Keeping Huawei out of 5G play will be loss to Indian operators, consumers: Jay Chen

Chinese telecom equipment maker Huawei has asserted that keeping the company out of the 5G play in India will be a “loss” to telecom operators, end consumers and vertical industries that could be potential beneficiaries of the futuristic technology.

Huawei India CEO Jay Chen told PTI that that the company does not wish to get caught in geopolitical crossfire, and that it remains committed to complying with the laws of the land.

The comments assume significance as the U.S. has blacklisted Huawei and is now persuading its allies to block the world’s largest provider of networking gear and number 2 smartphone maker from their new mobile networks.

Mr. Chen said it is now an “accepted fact that Huawei’s technology is much ahead of the industry”, and that the company is a “frontrunner in 5G”.

“So keeping us out will be loss to Indian operators, vertical industries as well as the end consumer. We are confident of the Indian government taking an independent and unbiased decision that provides level-playing-field for all players of the country, one that is guided by policy, standards and procedure and not based on the country of origin or speculative allegations lacking evidence,” Mr. Chen said.

Chinese telecom gear makers Huawei and ZTE have recently been granted permission by the Telecom Department to proceed with 5G ‘use cases’ demos at upcoming the India Mobile Congress (IMC).

Huawei on Thursday had welcomed the nod for IMC, and said the green signal sends a “positive message” and will bolster industry’s confidence to work with the company.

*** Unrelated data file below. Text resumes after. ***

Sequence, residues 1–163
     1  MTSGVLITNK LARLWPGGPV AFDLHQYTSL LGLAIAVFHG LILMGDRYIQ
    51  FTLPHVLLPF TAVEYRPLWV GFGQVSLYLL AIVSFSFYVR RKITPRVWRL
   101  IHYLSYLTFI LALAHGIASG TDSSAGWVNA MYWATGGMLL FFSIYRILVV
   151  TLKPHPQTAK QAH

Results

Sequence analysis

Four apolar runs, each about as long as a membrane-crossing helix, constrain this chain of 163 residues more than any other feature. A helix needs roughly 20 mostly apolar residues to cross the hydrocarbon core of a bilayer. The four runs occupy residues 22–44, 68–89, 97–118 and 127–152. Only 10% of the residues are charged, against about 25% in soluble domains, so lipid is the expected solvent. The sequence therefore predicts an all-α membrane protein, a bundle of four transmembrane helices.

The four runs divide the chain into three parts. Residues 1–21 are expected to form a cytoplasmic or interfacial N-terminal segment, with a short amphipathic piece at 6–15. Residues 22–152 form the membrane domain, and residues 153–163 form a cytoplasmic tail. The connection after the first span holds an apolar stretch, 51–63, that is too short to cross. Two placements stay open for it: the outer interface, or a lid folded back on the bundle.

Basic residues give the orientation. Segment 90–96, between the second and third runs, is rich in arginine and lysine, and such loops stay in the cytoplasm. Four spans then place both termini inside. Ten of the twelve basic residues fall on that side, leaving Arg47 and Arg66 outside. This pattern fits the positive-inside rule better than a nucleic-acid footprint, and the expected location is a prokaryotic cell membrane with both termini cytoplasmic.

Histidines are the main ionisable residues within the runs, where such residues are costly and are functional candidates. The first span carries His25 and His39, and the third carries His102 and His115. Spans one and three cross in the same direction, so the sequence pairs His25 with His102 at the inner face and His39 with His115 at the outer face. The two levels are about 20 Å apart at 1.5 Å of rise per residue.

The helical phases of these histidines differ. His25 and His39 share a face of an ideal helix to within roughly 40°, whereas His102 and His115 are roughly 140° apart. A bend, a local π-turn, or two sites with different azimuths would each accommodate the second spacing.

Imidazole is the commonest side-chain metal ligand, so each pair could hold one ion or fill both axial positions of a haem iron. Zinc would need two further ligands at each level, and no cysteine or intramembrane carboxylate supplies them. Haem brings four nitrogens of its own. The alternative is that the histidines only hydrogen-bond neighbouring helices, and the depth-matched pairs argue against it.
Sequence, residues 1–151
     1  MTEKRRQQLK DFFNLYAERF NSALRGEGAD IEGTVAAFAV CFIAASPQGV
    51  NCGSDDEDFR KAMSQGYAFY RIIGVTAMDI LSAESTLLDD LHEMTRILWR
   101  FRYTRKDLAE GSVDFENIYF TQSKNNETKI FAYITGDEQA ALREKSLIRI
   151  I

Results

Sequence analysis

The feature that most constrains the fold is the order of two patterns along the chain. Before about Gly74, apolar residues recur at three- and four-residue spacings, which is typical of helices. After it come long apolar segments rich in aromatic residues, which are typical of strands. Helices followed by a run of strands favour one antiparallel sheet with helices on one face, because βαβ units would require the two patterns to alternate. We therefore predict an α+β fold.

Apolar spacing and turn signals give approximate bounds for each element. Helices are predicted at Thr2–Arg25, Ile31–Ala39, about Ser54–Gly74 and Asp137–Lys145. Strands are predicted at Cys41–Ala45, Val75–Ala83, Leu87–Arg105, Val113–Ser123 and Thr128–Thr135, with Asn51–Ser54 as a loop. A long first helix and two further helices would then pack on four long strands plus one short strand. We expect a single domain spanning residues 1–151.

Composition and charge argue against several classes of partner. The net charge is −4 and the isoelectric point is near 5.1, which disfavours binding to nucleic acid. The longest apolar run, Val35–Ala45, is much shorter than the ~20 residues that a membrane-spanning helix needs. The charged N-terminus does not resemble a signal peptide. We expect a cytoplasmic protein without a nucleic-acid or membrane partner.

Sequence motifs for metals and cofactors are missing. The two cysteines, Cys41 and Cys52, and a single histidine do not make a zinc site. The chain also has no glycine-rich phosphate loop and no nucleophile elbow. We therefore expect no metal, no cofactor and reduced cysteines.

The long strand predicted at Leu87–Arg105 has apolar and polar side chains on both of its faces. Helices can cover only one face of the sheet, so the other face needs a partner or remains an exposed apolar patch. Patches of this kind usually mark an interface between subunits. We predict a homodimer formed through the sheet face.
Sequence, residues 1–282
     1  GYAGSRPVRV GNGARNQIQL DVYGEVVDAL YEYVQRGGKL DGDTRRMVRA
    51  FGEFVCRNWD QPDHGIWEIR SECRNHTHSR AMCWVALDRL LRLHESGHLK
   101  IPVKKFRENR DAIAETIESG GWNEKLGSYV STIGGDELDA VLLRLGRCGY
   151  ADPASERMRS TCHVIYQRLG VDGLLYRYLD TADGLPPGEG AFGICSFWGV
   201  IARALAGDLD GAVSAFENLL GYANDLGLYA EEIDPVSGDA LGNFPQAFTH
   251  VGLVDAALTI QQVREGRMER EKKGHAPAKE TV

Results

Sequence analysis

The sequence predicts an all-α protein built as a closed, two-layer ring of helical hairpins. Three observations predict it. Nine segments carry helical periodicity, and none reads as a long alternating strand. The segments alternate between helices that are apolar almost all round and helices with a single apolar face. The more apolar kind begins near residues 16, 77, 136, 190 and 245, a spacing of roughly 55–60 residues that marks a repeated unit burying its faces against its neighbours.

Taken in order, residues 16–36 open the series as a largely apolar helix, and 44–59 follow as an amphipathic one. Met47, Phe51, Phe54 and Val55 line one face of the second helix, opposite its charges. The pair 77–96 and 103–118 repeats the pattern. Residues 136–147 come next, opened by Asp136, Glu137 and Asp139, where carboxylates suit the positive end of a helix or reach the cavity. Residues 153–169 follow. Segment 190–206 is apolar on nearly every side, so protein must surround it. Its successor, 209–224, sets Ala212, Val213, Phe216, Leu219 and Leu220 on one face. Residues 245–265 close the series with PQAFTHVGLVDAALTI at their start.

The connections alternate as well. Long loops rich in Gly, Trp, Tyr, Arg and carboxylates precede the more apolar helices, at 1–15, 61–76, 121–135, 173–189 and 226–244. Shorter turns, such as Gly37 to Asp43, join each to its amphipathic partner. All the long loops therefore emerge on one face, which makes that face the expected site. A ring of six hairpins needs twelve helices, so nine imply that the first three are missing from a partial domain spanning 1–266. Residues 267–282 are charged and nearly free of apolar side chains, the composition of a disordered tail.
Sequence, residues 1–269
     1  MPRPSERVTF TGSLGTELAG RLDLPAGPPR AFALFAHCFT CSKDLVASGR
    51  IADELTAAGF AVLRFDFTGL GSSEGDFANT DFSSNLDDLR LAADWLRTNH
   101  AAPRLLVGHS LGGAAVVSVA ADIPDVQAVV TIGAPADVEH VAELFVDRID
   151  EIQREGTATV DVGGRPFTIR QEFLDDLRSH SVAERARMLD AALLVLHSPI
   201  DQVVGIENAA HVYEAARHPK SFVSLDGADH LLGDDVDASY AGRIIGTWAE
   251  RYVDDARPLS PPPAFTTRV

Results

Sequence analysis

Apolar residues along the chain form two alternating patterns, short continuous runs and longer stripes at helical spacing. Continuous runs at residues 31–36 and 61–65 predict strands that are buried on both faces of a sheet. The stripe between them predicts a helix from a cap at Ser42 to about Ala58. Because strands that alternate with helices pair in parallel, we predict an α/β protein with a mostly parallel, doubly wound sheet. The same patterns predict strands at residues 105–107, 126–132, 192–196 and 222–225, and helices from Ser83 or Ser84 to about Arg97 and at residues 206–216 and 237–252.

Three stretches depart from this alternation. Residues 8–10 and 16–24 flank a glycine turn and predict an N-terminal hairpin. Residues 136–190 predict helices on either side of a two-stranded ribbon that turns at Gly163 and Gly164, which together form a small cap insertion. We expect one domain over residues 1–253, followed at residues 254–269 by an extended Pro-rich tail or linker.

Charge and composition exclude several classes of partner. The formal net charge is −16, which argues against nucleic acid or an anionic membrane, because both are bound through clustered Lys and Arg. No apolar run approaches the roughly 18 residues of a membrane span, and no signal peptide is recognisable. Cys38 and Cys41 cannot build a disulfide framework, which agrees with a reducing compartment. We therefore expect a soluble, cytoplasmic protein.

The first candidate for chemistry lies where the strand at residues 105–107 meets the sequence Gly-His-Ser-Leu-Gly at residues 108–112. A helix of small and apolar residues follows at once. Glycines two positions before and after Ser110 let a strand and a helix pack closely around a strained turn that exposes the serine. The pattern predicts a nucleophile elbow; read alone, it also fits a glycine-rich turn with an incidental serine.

The company has exuded confidence that it will be given permission to participate in 5G trials in India.

Amid a U.S. push for a global ban on Huawei over “security issues” ahead of 5G adoption, Indian telecom tycoon Sunil Bharti Mittal earlier this month threw his weight behind the Chinese firm, saying its products are “leading edge” and “superior” to rivals, and asserted that the firm “should be in play” in India.

Mr. Mittal’s strong endorsement for the telecom equipment manufacturer came even as U.S. Secretary of Commerce Wilbur Ross, speaking at a World Economic Forum event in New Delhi, had said the Trump administration’s opposition to the Chinese company was not about protectionism but “genuine security risks” that go beyond the front-end equipment, percolating to even areas such as upgrades and maintenance.

Huawei had recently offered to exclusively license its 5G technology to a U.S. player to ensure a level playing field for rivals.

Asked if Huawei is open to a similar arrangement for India (a point that Mittal too had alluded to), Mr. Chen said, “For India there have been no discussions with any company on this subject. So we cannot really comment on a future speculation.”

India is yet to take a call on whether it intends to place curbs on Huawei or allow the firm to participate in upcoming 5G trials.

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Printable version | Aug 15, 2020 4:18:42 AM |

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